When Coca-Cola introduced Vanilla Coke, they wanted to reach a particular segment of the market. Vanilla Coke was aimed for the young, sophisticated and experimental, with a female skew. The internet was young, social media did not yet exist, and the cultural craze was American Idol (sponsored by Coke). Coca=cola wanted to gain some exposure by sponsoring a branded web game.
At that time, most games on the internet were more kinetic than cerebral. (And the cerebral one were irredeemably nerdy.) Coca-Cola marketers wanted a game that would comfortably challenge and entertain someone who would never call herself a gamer. They wanted a puzzle, heavy with personality and humor.
GamesThatWork delivered a detective game. You are investigating the theft of a precious can of Vanilla Coke. (The product placements were shameless.) You were in a sophisticated cafe, At each of five tables there were three diners. Starting with an initial clue from Chazz Palminteri, you would go to a table and ask a question that all three diners answered. Your clue would tell you which diner was most correct. That diner would give you the next clue, which would help you at the next table. When you got to the fifth table, you knew one of the diners had the stolen goods – and you had the final clue with which to identify that culprit.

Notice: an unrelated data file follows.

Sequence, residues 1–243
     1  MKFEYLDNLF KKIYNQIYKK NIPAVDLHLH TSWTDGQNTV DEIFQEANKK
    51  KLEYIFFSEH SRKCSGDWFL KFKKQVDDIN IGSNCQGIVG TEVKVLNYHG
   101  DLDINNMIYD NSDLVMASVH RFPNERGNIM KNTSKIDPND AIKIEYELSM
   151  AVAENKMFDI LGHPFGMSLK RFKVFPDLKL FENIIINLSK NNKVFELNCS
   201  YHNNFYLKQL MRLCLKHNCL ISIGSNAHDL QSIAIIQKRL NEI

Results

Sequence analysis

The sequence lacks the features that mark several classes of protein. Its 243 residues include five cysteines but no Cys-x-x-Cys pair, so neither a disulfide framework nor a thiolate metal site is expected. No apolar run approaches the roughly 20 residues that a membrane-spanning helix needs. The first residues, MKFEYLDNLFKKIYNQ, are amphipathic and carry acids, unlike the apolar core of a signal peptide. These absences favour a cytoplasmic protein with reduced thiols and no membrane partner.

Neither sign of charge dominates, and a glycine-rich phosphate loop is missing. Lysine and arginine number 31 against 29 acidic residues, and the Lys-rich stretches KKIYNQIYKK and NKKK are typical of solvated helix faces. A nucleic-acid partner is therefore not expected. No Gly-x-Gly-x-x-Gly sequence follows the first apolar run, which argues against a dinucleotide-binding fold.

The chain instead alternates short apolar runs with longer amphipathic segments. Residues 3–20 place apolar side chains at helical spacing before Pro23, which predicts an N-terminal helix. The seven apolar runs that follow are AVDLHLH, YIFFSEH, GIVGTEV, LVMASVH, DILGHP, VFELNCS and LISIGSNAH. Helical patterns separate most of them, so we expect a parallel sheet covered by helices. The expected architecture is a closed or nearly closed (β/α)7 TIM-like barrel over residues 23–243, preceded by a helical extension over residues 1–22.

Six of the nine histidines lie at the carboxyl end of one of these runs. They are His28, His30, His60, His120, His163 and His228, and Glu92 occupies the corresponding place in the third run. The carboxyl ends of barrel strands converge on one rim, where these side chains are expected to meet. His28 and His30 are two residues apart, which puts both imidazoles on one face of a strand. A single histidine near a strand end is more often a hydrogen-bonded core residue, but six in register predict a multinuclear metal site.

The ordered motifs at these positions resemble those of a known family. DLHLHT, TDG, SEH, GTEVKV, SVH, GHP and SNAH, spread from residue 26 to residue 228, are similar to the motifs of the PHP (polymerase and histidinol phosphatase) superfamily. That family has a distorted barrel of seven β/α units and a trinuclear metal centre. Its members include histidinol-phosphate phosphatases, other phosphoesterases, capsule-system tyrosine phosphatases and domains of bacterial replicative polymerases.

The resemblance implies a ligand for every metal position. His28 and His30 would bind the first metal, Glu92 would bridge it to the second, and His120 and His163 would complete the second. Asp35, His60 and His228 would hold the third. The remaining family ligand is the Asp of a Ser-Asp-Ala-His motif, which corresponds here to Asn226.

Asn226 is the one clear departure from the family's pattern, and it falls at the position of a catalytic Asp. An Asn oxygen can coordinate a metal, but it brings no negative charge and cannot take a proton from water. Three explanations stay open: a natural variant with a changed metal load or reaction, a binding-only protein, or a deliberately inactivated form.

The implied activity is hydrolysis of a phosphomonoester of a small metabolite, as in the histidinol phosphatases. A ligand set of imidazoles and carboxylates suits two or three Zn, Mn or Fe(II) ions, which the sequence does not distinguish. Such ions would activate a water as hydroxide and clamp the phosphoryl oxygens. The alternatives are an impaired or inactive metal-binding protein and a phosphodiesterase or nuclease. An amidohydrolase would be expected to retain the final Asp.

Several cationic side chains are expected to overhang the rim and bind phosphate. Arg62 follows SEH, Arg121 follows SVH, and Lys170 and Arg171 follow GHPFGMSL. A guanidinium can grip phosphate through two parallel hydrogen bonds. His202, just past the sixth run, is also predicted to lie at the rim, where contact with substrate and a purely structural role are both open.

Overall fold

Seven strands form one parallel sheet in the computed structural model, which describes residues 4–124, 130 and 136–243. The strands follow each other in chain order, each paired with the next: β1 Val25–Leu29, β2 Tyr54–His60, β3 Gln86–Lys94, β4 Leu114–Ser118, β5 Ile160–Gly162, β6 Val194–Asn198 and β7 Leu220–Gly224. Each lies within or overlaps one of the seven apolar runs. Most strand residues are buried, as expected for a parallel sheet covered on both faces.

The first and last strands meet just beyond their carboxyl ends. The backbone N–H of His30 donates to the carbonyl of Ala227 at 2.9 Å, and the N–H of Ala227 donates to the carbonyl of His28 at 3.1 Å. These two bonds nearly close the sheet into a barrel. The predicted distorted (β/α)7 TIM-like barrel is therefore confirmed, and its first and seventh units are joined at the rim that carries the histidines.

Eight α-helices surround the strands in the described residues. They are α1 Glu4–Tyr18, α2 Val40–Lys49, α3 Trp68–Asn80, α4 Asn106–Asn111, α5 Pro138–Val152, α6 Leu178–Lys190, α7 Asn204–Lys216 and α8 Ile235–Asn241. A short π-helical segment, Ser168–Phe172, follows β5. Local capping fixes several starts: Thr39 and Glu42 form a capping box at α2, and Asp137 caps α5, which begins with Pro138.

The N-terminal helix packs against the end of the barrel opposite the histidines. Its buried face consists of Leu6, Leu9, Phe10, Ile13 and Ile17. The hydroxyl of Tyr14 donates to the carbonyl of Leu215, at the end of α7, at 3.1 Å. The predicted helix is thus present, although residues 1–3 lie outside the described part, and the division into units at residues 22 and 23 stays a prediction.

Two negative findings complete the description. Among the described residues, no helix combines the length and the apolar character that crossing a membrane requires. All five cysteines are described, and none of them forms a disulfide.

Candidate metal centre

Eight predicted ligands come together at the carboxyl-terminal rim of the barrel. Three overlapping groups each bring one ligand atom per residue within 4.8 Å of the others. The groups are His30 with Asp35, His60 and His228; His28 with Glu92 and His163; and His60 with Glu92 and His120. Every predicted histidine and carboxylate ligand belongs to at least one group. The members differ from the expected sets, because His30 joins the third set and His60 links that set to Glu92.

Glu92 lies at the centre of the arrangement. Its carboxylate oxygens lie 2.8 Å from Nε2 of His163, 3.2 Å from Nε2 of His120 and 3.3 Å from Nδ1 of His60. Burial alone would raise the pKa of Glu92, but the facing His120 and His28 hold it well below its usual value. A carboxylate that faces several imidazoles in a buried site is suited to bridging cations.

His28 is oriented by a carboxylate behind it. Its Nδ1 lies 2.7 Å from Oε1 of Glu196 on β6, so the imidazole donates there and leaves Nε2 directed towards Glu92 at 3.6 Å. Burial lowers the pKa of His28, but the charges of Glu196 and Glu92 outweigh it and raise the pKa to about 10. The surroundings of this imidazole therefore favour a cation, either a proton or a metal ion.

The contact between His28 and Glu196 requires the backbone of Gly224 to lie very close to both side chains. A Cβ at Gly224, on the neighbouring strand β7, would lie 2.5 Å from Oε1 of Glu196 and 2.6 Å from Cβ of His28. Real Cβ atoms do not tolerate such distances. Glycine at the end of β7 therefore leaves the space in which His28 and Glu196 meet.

A new game was released every week during the 16 week season. A clever structure allowed the engine to present all 16 games from the same limited pool of prerecorded speech and procedural animation. The structure ensured that a player who made few errors would experienced little repetition of content – the winning path went through fresh content in every puzzle, but this content served to fill the ‘wrong path’ experience in other weeks.
The game was successful: After reviewing the analytics, Coca -Cola ordered a second season of the game the following year. By year three, unfortunately, Vanilla Coke had been discontinued. (It was reintroduced years later.)